WHY PROFIT DOES NOT EQUAL CASH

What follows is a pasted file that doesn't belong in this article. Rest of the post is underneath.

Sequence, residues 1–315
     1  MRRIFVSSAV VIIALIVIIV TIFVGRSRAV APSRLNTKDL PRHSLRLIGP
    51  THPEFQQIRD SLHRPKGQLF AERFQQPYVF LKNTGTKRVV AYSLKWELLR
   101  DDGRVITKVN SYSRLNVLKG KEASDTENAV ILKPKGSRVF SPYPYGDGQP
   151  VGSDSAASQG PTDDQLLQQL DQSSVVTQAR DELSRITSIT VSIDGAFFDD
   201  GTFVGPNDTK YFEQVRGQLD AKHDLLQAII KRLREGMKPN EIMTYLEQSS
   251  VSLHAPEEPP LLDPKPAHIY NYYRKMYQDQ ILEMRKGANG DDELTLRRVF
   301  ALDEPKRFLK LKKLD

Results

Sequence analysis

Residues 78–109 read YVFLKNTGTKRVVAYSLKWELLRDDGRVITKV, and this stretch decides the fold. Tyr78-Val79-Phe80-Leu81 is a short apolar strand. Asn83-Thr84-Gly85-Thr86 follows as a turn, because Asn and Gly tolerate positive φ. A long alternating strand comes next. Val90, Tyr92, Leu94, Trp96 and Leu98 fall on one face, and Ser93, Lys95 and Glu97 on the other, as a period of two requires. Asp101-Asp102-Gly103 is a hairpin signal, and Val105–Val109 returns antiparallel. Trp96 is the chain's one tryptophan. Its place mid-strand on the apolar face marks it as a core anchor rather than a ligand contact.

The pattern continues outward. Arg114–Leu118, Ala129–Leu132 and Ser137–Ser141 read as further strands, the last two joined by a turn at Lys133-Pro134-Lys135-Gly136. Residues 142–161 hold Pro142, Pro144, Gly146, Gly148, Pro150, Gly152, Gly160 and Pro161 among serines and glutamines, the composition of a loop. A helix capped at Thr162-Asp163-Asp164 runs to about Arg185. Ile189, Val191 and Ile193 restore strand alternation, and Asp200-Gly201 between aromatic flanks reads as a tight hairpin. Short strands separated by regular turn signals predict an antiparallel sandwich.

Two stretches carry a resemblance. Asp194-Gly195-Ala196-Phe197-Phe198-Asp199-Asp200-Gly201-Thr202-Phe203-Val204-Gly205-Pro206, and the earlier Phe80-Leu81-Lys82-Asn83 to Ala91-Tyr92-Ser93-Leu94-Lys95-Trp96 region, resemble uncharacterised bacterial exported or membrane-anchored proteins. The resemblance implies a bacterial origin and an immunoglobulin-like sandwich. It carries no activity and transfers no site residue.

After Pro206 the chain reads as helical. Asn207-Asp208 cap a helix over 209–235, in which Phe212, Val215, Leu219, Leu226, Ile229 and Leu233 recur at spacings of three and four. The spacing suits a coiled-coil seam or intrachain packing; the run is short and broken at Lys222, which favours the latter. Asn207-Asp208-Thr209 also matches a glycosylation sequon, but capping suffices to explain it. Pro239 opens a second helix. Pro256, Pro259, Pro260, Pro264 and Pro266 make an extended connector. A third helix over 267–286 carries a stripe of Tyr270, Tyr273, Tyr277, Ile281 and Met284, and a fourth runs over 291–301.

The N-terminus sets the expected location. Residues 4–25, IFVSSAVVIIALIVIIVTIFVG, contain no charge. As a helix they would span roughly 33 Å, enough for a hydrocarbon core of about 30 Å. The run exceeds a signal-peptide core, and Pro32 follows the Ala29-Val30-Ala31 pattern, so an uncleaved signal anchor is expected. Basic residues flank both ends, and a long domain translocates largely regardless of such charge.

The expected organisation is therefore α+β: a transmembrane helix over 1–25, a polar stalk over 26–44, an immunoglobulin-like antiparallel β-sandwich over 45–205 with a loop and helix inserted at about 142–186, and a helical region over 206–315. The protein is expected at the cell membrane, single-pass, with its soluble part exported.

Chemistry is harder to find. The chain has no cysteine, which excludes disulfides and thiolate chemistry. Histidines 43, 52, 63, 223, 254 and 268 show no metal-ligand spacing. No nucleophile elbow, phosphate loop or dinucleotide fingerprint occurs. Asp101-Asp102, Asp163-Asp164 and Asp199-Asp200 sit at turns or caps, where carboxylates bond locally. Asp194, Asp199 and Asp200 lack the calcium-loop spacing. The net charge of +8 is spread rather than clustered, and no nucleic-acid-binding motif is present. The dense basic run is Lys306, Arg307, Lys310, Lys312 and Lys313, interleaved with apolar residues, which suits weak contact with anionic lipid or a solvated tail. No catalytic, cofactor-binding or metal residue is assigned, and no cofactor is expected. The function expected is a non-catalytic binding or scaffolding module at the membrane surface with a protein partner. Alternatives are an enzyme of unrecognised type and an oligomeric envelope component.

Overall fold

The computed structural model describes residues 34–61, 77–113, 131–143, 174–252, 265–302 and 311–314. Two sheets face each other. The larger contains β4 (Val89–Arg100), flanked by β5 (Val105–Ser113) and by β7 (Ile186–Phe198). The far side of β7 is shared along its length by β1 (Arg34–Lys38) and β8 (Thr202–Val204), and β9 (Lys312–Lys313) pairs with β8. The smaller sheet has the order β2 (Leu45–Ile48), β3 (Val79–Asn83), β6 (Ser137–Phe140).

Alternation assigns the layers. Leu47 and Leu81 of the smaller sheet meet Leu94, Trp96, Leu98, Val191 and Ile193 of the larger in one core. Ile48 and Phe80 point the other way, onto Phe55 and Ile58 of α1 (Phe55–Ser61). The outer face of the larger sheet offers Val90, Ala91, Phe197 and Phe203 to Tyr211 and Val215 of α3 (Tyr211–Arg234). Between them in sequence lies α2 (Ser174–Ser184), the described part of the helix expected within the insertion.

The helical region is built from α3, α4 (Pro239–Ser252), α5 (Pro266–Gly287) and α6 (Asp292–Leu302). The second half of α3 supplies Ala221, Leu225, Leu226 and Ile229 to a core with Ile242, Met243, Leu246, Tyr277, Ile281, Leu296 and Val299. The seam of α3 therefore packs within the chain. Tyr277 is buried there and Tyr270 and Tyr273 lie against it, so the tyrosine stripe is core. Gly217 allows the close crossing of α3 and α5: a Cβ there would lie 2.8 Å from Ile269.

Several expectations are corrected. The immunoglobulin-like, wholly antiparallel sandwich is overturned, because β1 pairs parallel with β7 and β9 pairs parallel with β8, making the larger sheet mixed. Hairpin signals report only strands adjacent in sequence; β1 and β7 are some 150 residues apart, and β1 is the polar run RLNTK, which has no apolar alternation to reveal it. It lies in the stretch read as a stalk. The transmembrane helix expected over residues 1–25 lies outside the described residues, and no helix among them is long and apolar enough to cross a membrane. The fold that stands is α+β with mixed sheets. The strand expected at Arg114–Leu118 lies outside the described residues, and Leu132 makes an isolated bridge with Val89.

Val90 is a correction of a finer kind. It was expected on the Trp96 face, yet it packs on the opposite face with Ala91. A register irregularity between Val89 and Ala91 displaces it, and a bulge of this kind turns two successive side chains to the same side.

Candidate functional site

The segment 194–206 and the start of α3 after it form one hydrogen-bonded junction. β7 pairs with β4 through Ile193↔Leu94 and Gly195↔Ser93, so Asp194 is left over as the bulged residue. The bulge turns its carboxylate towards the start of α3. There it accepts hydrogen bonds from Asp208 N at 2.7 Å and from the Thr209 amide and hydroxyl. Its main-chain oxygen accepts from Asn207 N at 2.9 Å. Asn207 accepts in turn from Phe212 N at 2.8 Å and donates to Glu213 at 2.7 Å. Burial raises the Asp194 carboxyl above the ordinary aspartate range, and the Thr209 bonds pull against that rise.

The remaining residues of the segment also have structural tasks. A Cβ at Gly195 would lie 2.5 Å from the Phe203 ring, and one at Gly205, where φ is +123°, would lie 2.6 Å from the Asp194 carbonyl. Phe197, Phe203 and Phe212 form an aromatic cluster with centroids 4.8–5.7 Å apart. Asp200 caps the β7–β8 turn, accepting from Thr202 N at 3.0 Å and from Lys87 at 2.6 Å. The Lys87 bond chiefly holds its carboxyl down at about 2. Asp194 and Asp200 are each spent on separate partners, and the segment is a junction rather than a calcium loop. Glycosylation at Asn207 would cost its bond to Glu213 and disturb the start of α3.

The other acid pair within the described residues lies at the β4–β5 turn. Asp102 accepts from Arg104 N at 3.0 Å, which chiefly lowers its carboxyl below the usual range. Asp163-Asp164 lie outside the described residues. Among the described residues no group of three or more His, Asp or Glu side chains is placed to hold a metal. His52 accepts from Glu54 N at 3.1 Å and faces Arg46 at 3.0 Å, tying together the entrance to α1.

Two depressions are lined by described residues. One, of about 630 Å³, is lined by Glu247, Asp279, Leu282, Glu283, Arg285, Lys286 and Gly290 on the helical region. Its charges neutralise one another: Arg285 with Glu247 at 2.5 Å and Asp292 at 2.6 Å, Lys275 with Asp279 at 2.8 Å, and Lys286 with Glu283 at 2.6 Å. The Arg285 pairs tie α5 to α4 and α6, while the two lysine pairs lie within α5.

Why is profit not equal to cash coming in? Some differences such as loans received which do not impact the profit and loss statement are pretty obvious. Others may not be as obvious but you can break them down into three main areas: - Revenue is booked at sale. In many cases a sale is recorded for accounting purposes in the profit and loss statement when a company delivers a product or service. In many cases, no cash has been exchanged at the time of sale since customers typically have a stated number of days to pay. So, since profit is partially determined by revenue, a component of that profit reflects a customer’s promise to pay. Cash flow reflects only cash actually received. - Expenses are matched to revenue. An overriding accounting principle is to match the costs and expenses associated with the revenues generated during a given time period. The expenses charged to the income statement may not be those that were actually paid during that period. Many will be paid later when they are invoiced by a vendor. Cash flow reflects the cash that actually went out the door during a period. - Capital expenditures do not count against profit directly. A capital expenditure does not appear on the income statement when it occurs. It is only the depreciation that is charged against revenue over time which is based on the useful life of the item that was purchased. The cash flow reflects a different story as most items are paid for long before they may be fully depreciated on the profit and loss statement. It is true that in mature, well managed companies, cash flow will more closely track net profit. Receivables may be collected on a timely basis, payables will be paid, and capital expenditures will be incurred in line with depreciation charges. However, until an entity reaches, and more importantly is able to manage to, such a state, all sorts of havoc can take place. It is very easy to reach a...
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